Operation Samson: Israel's Deployment of Nuclear Missiles on Subs from Germany
Part 6: The Deal for Submarine Number Six
In August 2009, Netanyahu, who had recently been re-elected as prime minister as head of the conservative Likud party, came to Berlin. Netanyahu explained to Merkel how important the submarines were for Israel; that wherever an Israeli looks, to the north, south, or east, there is no strategic hinterland to work with, and only airspace and sea to serve as buffer zones. "We need this sixth boat," participants in the meeting say Netanyahu told Merkel during his Berlin visit, coupling the statement with a request that Germany donate this submarine, as it had the previous ones.
Merkel's response included three specific requests in exchange. First, Israel should halt its policy of settlement expansion, and second, the government should release tax assets it had frozen, which belong to the Palestinian National Authority. Third, Israel must allow construction of a sewage treatment plant in the Gaza Strip, funded by Germany, to continue. The critical factor, the chancellor added, was absolute discretion. If details leaked out, the deal would be off, because resistance from the Bundestag would be too much to overcome. The two leaders agreed that German diplomat Christoph Heusgen and Netanyahu's security advisor Uzi Arad would work out the details.
Arad is known as an impulsive and hotheaded individual who has no problem with verbally attacking the Germans. When Merkel criticized Israel's settlement policy in a July 2009 address to the Bundestag, Arad called the Chancellery and fired off a volley of angry complaints at Heusgen. Arad ended the call with the demand that Merkel should not only apologize, but also retract her statements.
Asking for Help
The fact that Arad was supposed to be leading the negotiations delayed the talks over the sixth submarine once again. In the end, Netanyahu asked Yoram Ben-Zeev, Israel's ambassador to Germany, to help out.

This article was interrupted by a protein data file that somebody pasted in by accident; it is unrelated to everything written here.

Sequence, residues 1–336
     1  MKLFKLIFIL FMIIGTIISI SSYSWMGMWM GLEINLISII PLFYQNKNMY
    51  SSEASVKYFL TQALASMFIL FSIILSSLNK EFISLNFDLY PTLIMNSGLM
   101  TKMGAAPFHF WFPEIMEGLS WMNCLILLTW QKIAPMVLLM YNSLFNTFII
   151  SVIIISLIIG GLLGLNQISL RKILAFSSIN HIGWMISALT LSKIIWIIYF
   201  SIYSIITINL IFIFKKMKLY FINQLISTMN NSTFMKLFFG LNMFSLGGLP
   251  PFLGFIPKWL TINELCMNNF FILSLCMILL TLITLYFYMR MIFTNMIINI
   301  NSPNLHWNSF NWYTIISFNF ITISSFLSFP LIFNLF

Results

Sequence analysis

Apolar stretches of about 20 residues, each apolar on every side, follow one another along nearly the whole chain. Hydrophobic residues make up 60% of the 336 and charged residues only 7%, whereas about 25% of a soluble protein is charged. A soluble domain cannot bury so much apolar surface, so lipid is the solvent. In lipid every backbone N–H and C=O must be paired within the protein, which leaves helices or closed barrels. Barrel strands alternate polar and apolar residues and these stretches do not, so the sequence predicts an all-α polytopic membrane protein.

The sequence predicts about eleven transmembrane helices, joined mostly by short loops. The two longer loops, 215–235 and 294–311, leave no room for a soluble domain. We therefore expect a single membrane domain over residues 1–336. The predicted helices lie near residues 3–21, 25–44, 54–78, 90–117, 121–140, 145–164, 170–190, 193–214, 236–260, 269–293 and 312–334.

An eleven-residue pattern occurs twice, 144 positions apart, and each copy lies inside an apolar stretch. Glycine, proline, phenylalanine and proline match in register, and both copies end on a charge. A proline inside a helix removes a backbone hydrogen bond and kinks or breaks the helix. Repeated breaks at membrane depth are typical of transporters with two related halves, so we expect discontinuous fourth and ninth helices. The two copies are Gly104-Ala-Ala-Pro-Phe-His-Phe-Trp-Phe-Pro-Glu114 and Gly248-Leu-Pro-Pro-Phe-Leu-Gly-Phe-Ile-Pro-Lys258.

Ben-Zeev returned to Israel when his term as ambassador ended on November 28, 2011. He was standing outside his house in Tzahala, a suburb of Tel Aviv, when his cell phone rang. It was Jaakov Amidror, Netanyahu's new security adviser.
"Are you sitting down?" Amidror asked.
"I'm standing in my neglected garden," Ben-Zeev replied.
"Netanyahu has one more request," Amidror told him. "Germany is ready to sign the submarine deal. You need to get on the next flight to Berlin."
Ultimately, Ben-Zeev and Heusgen agreed on the final details over the phone, and the contract was signed on March 20, 2012, at the Israeli ambassador's residence in Berlin. Defense Minister Barak flew in especially for the meeting and Rüdiger Wolf, a state secretary in the Federal Defense Ministry, signed on behalf of the German government. Since the Israeli government had financial problems once again, Germany made further concessions, agreeing to pay 135 million ($170 million), a third of the submarine's cost, and to allow Israel to defer payment of its part until 2015. Netanyahu dutifully expressed his thanks with a hand-written letter.
Still, disappointment within the Chancellery is running high, as Netanyahu has simply ignored Merkel's requests. Israel's policy of settlement continues unabated and no further progress has been made on the sewage treatment plant. The Israeli government only released the Palestinian tax money. Merkel has apparently reached the conclusion that there's no point in saying anything further to Netanyahu, since he's sure not to listen in any case.
Missed an Opportunity
But should the German government take this as cause to halt submarine production? That would send Israel a signal that German support comes with certain stipulations -- but it would also amount to showing less solidarity, and that's something Merkel doesn't want.